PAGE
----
73. Sami AlThukair
    June 6th, 2012 at 01:37 | #73

    Thanks Rebert.

    This link is much more simpler and easier.


  74. June 6th, 2012 at 07:24 | #74

    @Sami Absolutely, if your printer is supported directly by Mac, use that support.apple.com link!

  75. Trish Castro
    June 20th, 2012 at 02:55 | #75

    Same problem with Jamie. I can’t print Letter and Legal (too much margin on top). I can only properly print A4. I hope someone can suggest a better printer driver to be able to print on 3 sizes. Thanks in advance!

  76. Trish Castro
    June 20th, 2012 at 05:37 | #76

    P.S. I already checked the page settings on the XP machine and both Ghostscript and LPR printers are set to “Letter”. Hope to hear from you guys soon!

  77. August 31st, 2012 at 06:22 | #77

    I obtained a free laser printer with an extra toner cartridge. Needless to say, I was happy to put it to use, only to find out that it was not compatible with Linux or Mac. With a light XP Pro installation in Virtual Box and this method, my free Canon MF5770 is now printing from my MacBook Pro. Thanks.

  78. Benjamin
    November 21st, 2012 at 03:25 | #78

    Awesome.. It actually worked. Thank you

  79. Denis
    December 11th, 2012 at 09:47 | #79


    My Canon MF5750 now prints perfectly on the Macbook Pro as a virtual Laserwriter 8500. Saved me buying a new printer, many thanks!

    The connection to Windows-XP now goes pretty easily even with DHCP – no fixed IP required – OS-X 10.7.5 has a Windows option in “Add a printer” that automatically sees available devices.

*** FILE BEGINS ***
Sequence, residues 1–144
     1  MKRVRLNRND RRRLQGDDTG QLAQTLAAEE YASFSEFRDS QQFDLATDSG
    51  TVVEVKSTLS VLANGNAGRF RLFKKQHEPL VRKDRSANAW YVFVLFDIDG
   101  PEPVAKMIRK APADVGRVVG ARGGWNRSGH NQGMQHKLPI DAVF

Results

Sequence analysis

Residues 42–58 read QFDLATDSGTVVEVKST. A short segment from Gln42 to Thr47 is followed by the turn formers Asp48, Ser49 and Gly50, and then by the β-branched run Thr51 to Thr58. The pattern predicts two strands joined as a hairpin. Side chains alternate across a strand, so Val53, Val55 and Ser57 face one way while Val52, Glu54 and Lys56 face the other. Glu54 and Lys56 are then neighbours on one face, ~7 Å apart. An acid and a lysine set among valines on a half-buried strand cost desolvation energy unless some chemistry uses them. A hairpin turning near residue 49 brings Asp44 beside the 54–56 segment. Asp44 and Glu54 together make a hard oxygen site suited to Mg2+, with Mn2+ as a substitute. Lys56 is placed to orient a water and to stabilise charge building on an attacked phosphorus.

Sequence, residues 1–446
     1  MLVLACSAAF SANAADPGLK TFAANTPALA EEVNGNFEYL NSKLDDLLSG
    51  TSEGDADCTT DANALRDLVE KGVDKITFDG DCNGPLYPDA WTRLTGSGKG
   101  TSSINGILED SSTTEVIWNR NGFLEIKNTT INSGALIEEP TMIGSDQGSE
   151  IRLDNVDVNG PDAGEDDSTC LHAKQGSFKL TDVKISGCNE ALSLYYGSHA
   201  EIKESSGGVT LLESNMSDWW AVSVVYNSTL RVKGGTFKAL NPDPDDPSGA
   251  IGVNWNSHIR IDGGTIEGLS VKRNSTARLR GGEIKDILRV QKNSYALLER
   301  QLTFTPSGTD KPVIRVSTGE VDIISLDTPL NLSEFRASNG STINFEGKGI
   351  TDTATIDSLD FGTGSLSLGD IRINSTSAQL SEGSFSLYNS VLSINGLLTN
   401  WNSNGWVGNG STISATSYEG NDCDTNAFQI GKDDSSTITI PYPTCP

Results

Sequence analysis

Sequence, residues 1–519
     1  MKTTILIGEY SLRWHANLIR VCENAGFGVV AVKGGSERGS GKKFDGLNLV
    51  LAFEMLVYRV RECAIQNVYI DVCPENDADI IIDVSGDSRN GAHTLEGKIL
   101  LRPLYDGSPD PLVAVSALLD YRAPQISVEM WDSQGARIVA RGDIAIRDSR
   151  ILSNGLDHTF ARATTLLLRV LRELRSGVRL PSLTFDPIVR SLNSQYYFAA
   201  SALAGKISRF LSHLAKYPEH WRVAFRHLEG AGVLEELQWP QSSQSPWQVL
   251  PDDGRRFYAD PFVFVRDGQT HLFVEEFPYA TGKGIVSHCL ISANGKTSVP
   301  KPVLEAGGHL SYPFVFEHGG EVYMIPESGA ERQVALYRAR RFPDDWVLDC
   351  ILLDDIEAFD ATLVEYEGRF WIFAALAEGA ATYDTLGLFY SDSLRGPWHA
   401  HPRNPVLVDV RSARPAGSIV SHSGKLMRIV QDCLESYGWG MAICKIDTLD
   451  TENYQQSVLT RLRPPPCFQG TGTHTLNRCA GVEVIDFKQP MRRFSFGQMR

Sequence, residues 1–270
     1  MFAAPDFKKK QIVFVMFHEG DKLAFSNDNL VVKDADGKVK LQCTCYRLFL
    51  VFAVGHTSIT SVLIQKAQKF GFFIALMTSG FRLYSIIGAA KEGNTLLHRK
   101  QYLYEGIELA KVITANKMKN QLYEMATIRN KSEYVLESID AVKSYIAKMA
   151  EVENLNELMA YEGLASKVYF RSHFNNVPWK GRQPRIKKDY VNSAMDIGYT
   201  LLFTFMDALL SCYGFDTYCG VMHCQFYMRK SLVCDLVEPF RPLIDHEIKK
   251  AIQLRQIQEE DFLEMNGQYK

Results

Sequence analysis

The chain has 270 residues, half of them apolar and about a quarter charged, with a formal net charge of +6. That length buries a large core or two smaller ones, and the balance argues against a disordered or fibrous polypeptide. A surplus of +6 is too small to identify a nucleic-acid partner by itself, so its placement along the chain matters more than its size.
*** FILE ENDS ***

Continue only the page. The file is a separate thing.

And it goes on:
80. Denis
    December 11th, 2012 at 12:18 | #80

    Update: I am now printing on a VirtualBox XP instance, no external box required! Simply set the virtual XP up with bridged networking using the WiFi option, set up home networking, and it works great. Woopee!!

  81. David
    December 14th, 2012 at 22:27 | #81

    I’m using MBP runing OSX 10.8.2

    My problem is I cant print with LBP2900 which connected with another Window XP PC.

    I appriciate if anyone can help me.

    I have tried to download the printer driver of LBP2900. The printer has been added successful, but it doesnt work.

  82. Bob
    May 22nd, 2013 at 18:57 | #82

    Many thanks! This process worked fine today to print to a networked Canon MF5700 from a Macbook Air running Lion via a Windows XP SP2 machine, using the latest Win32 GhostScript/GSView/RedMon binaries

  83. June 22nd, 2013 at 05:43 | #83

    Many many many thanks!!!! Great instructions!!!! Good job!!!

  84. November 26th, 2013 at 13:20 | #84

    Wow, after five years of running a rather outdated Xerox 8830 in our print shop (windows only) I now have an up-and-running connection from OS X 10.9 (Mavericks) to Windows XP SP-3, which allows me to print from Mac to the Xerox 8830. This is brilliant.

    However, since the Apple laser printer is no longer available on Mavericks I tried Generic Postscript to no avail, in the end had to fish out an outdated PS driver for the 8830 which was once supported on OS 10.4 and loading that driver I can now print A4 no problem. Larger sizes don’t seem to play ball. Any ideas?

  85. November 26th, 2013 at 14:15 | #85

    @Callum Apple dropped their foundational Laser Printer driver? Inconceivable! Well, no I don’t have any other ideas, and I don’t even have a setup to try now that I have Mavericks. Sorry.

  1. January 29th, 2011 at 05:45 | #1
  2. February 10th, 2011 at 05:22 | #2
  3. February 11th, 2011 at 08:52 | #3
  4. April 5th, 2011 at 09:31 | #4
  5. January 13th, 2012 at 19:28 | #5
  6. January 27th, 2012 at 19:01 | #6
  7. June 4th, 2012 at 16:35 | #7
  8. June 20th, 2012 at 05:35 | #8
  9. October 24th, 2012 at 05:32 | #9
  10. November 17th, 2014 at 21:06 | #10
  11. November 19th, 2014 at 13:42 | #11